Communication, Structural Links, and Conflict in Three Inter-Organizational Virtual Collaborations

Communication, Structural Links, and Conflict in Three Inter-Organizational Virtual Collaborations

Tyler R. Harrison (Purdue University, USA) and Elizabeth A. Williams (Purdue University, USA)
Copyright: © 2010 |Pages: 20
DOI: 10.4018/978-1-61520-979-8.ch002


Conflict is just as common in virtual teams as it is in collocated teams. However little is known about the process of conflict in these teams. The study presented in this chapter analyzed conflict in three inter-organizational teams. The purpose of this research is to identify primary types of conflict in virtual teams, examine the role that the structure of communication plays in the conflict, and examine the influence of the social context. Specifically, this chapter (1) reviews the extant literature on conflict in virtual teams and organizational conflict in general; (2) presents results from a study of three inter-organizational virtual team collaborations; and (3) offers an outline of potential future research in this area and provides best practices and potential pitfalls for practitioners to consider when structuring inter-organizational virtual teams.
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Conflict in virtual teams is as inevitable as it is in collocated teams. Although a growing body of literature examines conflict in virtual teams (e.g., Hinds, & Mortensen, 2005; Mortensen & Hinds, 2001; Paul, Samarah, Seetharaman, & Myktyn, 2005; Shin, 2005), little is known about processes of conflict management in virtual teams and the influence that team structure has on conflict within the team. Much of the research on conflict in virtual teams focuses on the antecedents to conflict or the conditions necessary to prevent conflict and the implications of said conflict. In other words, extant research examines the inputs and outputs of conflict. This study, however, seeks to explore how individuals experience conflict and how they are constrained and enabled by various relational structures to deal with that conflict. Exploring these experiences allows us to understand the nuances of conflict in virtual teams. Ultimately we seek to answer three questions about the nature, manifestation, and management of conflict in three inter-organizational collaborative projects: (1) What are the primary types of conflict in virtual inter-organizational collaborations? (2) How does the structure of communication influence virtual team conflicts and dynamics? (3) What is the influence of social context on communicative practices and conflict in virtual teams?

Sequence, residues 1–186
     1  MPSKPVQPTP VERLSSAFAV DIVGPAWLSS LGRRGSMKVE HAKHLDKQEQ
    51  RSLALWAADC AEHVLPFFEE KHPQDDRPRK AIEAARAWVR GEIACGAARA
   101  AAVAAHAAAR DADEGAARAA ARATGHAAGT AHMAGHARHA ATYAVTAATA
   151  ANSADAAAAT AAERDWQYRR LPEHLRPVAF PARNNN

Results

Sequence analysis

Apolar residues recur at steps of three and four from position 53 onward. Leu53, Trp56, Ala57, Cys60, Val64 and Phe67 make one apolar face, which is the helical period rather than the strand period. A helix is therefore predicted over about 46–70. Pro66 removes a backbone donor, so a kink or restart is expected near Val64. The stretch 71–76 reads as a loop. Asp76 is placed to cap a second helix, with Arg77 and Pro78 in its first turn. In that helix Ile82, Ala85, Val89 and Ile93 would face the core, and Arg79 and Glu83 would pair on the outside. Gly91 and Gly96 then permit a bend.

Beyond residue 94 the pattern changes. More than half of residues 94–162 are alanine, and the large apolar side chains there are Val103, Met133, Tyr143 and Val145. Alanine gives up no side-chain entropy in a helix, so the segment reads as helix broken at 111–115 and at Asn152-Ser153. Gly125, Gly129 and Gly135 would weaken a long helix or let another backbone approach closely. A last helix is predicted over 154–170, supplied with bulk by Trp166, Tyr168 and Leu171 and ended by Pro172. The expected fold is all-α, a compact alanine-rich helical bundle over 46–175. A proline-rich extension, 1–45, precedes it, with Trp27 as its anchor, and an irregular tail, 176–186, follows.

The data for this study come from three health intervention projects. The projects varied systematically on a number of fronts, but were similar in that teams consisted of core members from two or three organizations (academic, community health, and political), and several team members were consistent across all three projects. Additionally, the ultimate goals of the projects were similar. The team dynamics varied based on the structures of communication linkages, relational history, and degree of collocation. While the projects ultimately shared similar goals, the participating organizations had very different missions, roles, expertise, and power that influenced team member interaction, and ultimately, conflict. Overall, the structure of communication (the formal and informal rules that regulated who could talk to who, how communication occurred)1 and the division of tasks across team members represented the degree to which the teams integrated across the organizations and the level to which they became interdependent versus continuing to operate as largely autonomous organizations.

The chapter begins with a brief review of the theoretical perspectives relevant to conflict in virtual teams. Processes of data collection and analysis are presented in the methods section. Then, an overview of each collaborative project is provided. Each overview situates the broad nature of the participating organizations, describes the teams, and offers a history of relational development and collocation. The structure of each collaborative project and communication linkages between participating teams are illustrated. Similarities and difference related to conflict between cases based on structural linkages, relational history and levels of collocation are explored. The chapter concludes by offering a set of “best practices” for practitioners to use when structuring virtual teams and also provides a set of “potential pitfalls” for forming virtual teams and developing interaction practices within these teams.

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